JRRT, having seen the horrors of war, clearly held on to a figure like Tom Bombadil for that personal view in his books. He must have wanted this pacifist idea in LotR (I think), yet could not give him central stage; so he apologetically stated in the same letter:

As a story, I think it is good that there should be a lot of things unexplained (especially if an explanation actually exists); and I have perhaps from this point of view erred in trying to explain too much, and give too much past history. Many readers have, for instance, rather stuck at the Council of Elrond. And even in a mythical Age there must be some enigmas, as there always are. Tom Bombadil is one (intentionally).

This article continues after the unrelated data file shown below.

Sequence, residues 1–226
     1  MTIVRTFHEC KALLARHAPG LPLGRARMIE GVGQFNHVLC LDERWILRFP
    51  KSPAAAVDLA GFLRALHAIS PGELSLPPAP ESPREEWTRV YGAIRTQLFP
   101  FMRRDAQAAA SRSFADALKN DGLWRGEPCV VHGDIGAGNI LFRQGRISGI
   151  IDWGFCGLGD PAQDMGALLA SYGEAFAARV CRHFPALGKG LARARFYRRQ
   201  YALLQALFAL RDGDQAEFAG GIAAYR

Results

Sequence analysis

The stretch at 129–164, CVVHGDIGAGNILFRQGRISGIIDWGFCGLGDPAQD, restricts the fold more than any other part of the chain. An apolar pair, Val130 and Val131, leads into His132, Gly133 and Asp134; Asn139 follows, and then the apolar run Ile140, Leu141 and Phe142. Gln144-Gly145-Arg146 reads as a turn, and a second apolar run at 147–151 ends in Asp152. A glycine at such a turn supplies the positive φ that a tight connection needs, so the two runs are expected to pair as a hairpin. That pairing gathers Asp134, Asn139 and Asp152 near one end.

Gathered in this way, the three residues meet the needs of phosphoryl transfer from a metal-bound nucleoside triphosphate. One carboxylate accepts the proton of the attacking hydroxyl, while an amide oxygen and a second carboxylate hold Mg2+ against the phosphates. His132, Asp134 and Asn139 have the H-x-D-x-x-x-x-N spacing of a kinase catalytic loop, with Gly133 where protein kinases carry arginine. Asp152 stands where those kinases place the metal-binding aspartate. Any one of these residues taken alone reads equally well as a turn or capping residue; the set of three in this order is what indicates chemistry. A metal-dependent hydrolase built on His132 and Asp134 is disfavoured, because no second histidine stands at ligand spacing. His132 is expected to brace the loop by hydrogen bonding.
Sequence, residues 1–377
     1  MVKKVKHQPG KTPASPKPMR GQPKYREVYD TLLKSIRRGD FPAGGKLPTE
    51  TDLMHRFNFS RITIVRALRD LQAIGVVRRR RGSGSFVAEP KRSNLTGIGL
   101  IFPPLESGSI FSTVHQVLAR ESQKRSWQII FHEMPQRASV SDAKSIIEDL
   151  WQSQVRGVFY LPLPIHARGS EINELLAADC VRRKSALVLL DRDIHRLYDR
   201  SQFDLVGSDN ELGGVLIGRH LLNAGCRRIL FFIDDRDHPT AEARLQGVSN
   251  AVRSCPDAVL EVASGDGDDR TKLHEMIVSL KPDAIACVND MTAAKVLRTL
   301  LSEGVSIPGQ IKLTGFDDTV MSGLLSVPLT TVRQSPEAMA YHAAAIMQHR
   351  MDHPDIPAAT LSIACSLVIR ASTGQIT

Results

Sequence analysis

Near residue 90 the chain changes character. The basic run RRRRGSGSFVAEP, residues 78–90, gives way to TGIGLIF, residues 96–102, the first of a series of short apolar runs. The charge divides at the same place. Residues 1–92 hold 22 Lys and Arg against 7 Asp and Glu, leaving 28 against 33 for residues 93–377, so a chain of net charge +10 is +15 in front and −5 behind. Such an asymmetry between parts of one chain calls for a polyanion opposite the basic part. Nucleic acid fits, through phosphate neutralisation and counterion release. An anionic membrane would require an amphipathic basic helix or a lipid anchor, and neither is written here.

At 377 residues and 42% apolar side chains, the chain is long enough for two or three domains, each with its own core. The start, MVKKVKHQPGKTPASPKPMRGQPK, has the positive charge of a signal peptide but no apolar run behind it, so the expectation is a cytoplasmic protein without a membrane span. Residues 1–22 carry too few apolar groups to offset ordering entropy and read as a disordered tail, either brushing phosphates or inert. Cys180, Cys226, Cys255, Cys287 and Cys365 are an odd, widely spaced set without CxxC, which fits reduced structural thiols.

He therewith also came a bit lightly over the question who is the oldest now: TB or Treebeard? Let’s hold our horses and not open that box of Pandora yet another time!! TB was more like a point of view, I think, which the author did not want any reader to forget. In my own personal opinion (with invited discussion most pleased) TB was:
  1. his personification of pacifist views from people impressed by the horrors of war and notions of right and wrong fading after dreadful cruelty/losses on both sides of a war and progressively ununderstood by intellectuals like JRRT in the horrific battlefields of those times.
  2. a statement of mind, rather than an actor in his story.
Any further opinions, greatly welcome!
 
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Squint-eyed Southerner

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Good points, Meroe -- and not boring! I'll add a line: